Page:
The Bears were in that state after the two years of Trestman and the three years of GM Phil Emery, certain of whose character-lite veteran player acquisitions (Martellus Bennett, Brandon Marshall) and high-character launchings (Brian Urlacher) had left a palpable pall over Halas Hall. A Fox goal was to eradicate that, which insiders in Lake Forest say privately was accomplished even amid the catastrophic crush of three straight seasons of 10 or more losses, and with injuries at historic levels.

What happens next is in the hands of Nagy and GM Ryan Pace, after a third John Fox franchise turnaround failed to materialize. Or did it? Because much of the core, from Trubisky through the defensive makeover, came on Fox’s watch, like him or not.

“You wish some things would’ve happened differently obviously,” Fox said, “but there was a lot positive that happened.”

Will 'special' throws help Mitch Trubisky keep his job with the Bears in 2020?

Will 'special' throws help Mitch Trubisky keep his job with the Bears in 2020?

Every so often, Mitch Trubisky has conjured up the sort of eye-catching “special” throws expected from a former second overall pick. A few popped up in the Bears’ win over the Detroit Lions on Sunday, specifically his 18-yard touchdown strike to Ben Braunecker and a 33-yard deep ball to Allen Robinson with pressure in his face. 

Those two throws represent two of the more encouraging moments for Trubisky during his third year in the NFL. Quarterbacks coach Dave Ragone called Trubisky’s touchdown to Braunecker “great,” and was impressed by the throw to Robinson given he got hit after releasing it. 

“He lets that thing go with the anticipation, which we’re always preaching to him,” Ragone said. “To me, even though that play wasn’t a touchdown, that throw in general is kind of what obviously we’re hoping more and more of those type plays as the rest of the regular season moves on.”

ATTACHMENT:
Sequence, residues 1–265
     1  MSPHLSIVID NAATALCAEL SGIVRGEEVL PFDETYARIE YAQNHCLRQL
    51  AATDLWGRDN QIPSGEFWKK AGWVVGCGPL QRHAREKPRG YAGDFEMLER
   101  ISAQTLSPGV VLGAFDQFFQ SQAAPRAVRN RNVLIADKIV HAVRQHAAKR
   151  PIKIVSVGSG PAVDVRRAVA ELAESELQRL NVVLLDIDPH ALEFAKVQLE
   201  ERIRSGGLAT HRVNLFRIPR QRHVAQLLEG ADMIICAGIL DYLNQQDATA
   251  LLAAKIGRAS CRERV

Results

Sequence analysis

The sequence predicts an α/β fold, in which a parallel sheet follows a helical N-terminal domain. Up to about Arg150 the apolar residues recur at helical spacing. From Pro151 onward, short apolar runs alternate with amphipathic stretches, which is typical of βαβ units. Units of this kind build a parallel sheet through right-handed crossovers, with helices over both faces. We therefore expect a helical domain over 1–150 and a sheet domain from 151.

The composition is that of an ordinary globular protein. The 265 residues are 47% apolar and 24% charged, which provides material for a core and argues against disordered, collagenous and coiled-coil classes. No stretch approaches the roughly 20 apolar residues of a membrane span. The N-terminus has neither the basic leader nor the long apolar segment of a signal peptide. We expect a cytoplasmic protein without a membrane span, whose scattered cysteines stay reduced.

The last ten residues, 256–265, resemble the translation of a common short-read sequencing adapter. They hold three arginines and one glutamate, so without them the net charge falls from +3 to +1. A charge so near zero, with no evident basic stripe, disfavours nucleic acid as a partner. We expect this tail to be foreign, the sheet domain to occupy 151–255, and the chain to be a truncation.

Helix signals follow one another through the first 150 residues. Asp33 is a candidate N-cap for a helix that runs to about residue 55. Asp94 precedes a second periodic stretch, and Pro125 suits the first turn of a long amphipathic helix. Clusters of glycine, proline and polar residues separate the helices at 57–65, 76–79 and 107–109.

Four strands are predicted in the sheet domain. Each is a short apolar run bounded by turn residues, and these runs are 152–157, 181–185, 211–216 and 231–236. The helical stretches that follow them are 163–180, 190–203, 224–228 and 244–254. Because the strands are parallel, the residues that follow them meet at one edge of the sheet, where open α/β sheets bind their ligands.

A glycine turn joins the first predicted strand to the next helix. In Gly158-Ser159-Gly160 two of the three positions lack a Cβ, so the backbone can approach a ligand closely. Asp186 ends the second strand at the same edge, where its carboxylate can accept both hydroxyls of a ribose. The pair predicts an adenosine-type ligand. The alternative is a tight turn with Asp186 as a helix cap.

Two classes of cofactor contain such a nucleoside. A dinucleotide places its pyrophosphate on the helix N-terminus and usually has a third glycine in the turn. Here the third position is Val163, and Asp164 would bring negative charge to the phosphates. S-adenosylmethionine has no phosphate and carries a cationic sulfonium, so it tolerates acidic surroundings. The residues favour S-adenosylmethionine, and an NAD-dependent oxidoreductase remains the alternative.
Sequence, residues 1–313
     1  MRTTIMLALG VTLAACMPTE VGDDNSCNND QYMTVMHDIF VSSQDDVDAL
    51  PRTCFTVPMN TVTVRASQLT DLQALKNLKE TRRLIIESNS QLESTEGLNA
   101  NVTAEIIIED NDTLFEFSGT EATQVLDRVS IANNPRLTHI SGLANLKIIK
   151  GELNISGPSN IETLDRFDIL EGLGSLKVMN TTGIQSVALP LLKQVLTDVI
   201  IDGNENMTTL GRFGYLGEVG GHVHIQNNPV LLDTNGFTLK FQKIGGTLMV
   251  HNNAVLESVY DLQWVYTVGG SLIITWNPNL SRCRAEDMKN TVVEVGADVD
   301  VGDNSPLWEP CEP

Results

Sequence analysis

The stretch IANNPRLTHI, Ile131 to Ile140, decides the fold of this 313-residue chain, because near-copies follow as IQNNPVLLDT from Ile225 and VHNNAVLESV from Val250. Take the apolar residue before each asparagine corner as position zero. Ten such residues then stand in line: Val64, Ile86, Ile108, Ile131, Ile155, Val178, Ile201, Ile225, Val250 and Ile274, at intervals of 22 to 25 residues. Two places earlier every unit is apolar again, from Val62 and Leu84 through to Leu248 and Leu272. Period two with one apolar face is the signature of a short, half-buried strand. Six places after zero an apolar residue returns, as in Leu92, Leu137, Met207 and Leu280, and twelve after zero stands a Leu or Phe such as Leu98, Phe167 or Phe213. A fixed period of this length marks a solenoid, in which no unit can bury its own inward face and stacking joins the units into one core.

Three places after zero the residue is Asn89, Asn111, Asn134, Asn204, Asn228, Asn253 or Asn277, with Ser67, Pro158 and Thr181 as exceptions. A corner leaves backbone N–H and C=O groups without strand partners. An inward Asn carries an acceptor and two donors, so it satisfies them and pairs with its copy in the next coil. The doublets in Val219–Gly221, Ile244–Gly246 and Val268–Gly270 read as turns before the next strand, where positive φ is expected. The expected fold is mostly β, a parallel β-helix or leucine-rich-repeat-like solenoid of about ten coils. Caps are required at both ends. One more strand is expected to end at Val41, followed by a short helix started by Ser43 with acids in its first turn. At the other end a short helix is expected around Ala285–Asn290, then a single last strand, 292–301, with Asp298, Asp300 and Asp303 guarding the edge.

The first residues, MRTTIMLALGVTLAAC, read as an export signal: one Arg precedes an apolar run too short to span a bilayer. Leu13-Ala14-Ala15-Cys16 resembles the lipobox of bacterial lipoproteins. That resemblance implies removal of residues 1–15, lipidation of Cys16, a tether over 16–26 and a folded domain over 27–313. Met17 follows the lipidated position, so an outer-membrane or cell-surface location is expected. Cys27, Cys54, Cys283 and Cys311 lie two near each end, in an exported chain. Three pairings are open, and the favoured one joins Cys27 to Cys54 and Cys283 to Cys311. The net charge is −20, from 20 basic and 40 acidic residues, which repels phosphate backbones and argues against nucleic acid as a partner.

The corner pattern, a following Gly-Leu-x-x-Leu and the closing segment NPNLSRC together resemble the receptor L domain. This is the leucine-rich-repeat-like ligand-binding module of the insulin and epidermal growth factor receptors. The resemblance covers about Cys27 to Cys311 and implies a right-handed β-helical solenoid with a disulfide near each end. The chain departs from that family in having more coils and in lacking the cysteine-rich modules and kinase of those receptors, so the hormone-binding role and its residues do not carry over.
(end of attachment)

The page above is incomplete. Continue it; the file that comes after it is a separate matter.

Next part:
The question the Bears have to ask themselves is this: Is Trubisky’s ability to make outstanding throws enough to out-weigh the glaring issues encompassing their quarterback and an offense averaging just 18 points per game?

Plenty of teams and coaches have been enamored by “special” abilities in quarterbacks (Jay Cutler, for these purposes, is a prime example). Plenty of coaches, too, have been drawn by the allure of being the guy to finally harness talent that shows up occasionally on highlight reels. 

It’s how the Bears can, at the least, talk themselves into keeping Trubisky as their starting quarterback for the rest of 2019. And it’s how general manager Ryan Pace, speaking on WBBM-780 (the Bears’ flagship radio station) prior to Sunday’s game against the Lions, can make this argument as to why he’s confident in Trubisky: 

“I think this is all part of playing quarterback in the NFL.” Pace said. “Every quarterback goes through this and it’s just part of the experience. … There’s growth that happens on the field. There’s growth that happens off the field. Other young quarterbacks around the league are going through it, the same thing, and honestly we’re proud of the way that Mitch is handling it.”